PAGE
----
Figure 2 with 2 supplements
Cells respond to cue changes in an environment.

(A) Examples of the spatial firing rates of cells during cue perturbation experiments. For each example, the top and bottom panels are from the same cell in blocks of trials in which the animal either ran down a virtual track with all cues present (with-cues track, top) or a track where some cues were missing in the later part of the track (missing-cues track, bottom). The environment and cue template for both environments are shown with the corresponding raster plots and spatial firing rates below. (B) Cue correlations of the firing rates along the with-cues and missing cues tracks within Regions A and B were calculated. The correlation of firing rate to cue was lower for the firing rates on the missing cues track in Region B (paired one-tailed t-test: cue correlation on with-cues track >cue correlation on missing-cues track, N = 65, 3 animals, for Region A, p=0.56, for Region B, p=1×10−14). On the right, the means with standard deviations are shown for regions A and B on each track. (C) Population field distribution for the entire population of cue cells along with-cues and missing-cues tracks for two environments. (D) Comparison of firing fields of all cue cells between runs in the initial region that is the same for both tracks (Region A) and the later region (Region B) on the with-cues and missing-cues tracks. The fraction of each region that had spatial firing fields (number of field bins/total bins in that region) is plotted for each cue cell. The field fraction was larger in region B on the with-cues track in comparison to region B on the missing-cues track (paired one-tailed t-test: field fraction on with-cues track >cue field fraction on missing-cues track, N = 65, 3 animals, for region A: p=1.00, for region B, p=0.0002). On the right, the means with standard deviations are shown for regions A and B on each track. ***p≤0.001. Student’s t-test.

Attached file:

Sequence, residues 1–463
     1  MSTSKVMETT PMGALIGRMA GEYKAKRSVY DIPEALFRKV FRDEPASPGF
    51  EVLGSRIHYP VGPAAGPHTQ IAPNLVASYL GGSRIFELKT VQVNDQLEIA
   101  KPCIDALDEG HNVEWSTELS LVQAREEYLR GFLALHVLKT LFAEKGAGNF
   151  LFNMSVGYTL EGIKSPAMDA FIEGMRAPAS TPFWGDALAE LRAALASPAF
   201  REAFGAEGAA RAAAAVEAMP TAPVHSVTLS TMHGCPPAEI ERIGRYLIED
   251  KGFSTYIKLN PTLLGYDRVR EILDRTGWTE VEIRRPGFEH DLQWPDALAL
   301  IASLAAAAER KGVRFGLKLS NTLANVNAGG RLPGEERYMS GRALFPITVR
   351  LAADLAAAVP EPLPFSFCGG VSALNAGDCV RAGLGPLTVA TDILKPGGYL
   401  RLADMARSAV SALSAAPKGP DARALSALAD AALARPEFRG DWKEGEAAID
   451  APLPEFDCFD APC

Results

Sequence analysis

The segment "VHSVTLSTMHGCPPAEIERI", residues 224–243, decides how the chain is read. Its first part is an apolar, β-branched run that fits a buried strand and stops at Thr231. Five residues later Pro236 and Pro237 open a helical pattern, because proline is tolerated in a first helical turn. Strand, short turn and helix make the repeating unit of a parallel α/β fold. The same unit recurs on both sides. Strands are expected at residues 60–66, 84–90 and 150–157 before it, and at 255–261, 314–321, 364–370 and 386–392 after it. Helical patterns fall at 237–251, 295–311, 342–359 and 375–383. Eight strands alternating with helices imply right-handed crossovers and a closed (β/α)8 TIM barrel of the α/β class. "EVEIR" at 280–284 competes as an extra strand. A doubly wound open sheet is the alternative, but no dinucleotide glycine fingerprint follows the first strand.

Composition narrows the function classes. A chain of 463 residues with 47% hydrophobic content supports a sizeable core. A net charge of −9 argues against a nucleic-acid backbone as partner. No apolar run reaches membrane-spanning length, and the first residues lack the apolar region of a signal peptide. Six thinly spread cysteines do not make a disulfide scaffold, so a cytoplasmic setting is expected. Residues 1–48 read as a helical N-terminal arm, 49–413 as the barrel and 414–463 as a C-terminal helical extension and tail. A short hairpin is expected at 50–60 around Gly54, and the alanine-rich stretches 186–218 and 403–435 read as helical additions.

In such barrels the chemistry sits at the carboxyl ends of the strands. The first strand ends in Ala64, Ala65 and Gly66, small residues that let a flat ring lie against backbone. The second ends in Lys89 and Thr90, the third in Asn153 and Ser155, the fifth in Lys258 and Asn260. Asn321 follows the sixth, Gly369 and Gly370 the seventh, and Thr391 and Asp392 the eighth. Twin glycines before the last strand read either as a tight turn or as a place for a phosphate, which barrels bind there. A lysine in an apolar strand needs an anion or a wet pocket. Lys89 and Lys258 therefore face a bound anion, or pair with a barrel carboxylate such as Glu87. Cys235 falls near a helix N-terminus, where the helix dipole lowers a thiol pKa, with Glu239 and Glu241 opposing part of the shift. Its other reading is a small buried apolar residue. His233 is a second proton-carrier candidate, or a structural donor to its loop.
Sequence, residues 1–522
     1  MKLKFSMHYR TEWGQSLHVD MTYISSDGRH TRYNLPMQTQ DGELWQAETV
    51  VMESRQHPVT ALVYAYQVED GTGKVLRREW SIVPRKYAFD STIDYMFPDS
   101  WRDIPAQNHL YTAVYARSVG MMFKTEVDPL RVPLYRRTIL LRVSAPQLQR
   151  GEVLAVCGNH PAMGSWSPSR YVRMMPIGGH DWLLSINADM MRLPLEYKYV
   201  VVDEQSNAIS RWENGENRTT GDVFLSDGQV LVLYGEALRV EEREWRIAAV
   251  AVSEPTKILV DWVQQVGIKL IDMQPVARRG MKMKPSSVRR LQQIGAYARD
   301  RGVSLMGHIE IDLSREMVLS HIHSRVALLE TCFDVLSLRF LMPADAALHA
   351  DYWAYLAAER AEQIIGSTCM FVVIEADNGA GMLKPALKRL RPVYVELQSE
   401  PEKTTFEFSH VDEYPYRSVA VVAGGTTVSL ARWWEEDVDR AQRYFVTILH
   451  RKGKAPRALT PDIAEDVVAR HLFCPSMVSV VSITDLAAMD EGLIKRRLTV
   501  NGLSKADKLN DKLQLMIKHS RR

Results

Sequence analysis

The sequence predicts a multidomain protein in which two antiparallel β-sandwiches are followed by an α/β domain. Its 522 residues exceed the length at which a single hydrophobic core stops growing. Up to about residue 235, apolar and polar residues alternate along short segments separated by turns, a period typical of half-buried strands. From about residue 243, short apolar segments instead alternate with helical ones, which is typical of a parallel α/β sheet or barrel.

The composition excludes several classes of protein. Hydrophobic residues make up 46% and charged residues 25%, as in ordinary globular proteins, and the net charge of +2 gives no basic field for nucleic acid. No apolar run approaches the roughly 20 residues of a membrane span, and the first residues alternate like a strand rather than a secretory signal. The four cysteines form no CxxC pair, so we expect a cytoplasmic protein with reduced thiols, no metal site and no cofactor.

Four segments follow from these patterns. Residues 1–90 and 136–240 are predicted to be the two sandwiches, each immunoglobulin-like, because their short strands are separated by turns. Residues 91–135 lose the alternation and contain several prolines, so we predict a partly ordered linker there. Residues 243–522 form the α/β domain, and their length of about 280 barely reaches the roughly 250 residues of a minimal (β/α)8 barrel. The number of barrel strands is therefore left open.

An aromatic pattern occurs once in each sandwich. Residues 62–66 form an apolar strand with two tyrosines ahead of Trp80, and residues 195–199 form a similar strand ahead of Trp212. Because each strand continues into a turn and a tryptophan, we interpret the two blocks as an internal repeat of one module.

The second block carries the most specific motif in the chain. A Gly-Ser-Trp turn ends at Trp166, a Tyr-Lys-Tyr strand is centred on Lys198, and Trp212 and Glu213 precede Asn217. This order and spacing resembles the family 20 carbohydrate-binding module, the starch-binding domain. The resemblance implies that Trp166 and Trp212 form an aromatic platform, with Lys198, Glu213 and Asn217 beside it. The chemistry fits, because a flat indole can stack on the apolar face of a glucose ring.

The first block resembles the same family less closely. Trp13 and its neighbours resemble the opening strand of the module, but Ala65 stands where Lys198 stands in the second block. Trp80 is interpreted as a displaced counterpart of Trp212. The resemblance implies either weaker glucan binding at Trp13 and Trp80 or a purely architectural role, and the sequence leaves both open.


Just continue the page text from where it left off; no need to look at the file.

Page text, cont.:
Figure 2—figure supplement 1
Cue-removal responses of cue cells with fields near or far from cues.

Data shown in Figure 2 is separated into subgroups based on the spatial shift of the firing rate of each cue cell relative to the cue template. Plots from Figure 2B–D are shown for each group. Cells with spatial shifts less than and more than 25 cm in either direction were categorized as cells with fields near and far from cues, respectively. Top panel stats: Cue cells with fields near cues. For cue correlations: Region A, p=0.95; Region B, p=6×10−14. For fractions of regions with fields: Region A, p=0.99; Region B, p=0.004. Bottom panel stats: Cue cells with fields far from cues. For cue correlations: Region A, p=0.16; Region B, p=0.004. For fractions of regions with fields: Region A, p=0.98; Region B, p=0.004. ***p≤0.001. **p≤0.005 Student’s t-test.

Figure 2—figure supplement 2
Cue cell responses to cue changes for tetrode lowering database.

Statistics for Figure 2 plots using the tetrode lowering database. For cue correlations: Region A, p=0.66; Region B, p=4×10−10. For fractions of regions with fields: Region A, p=1.00; Region B, p=0.03. ***p≤0.001. *p≤0.05 Student’s t-test.

Figure 3 with 2 supplements
Cue cell activity during foraging in a real arena.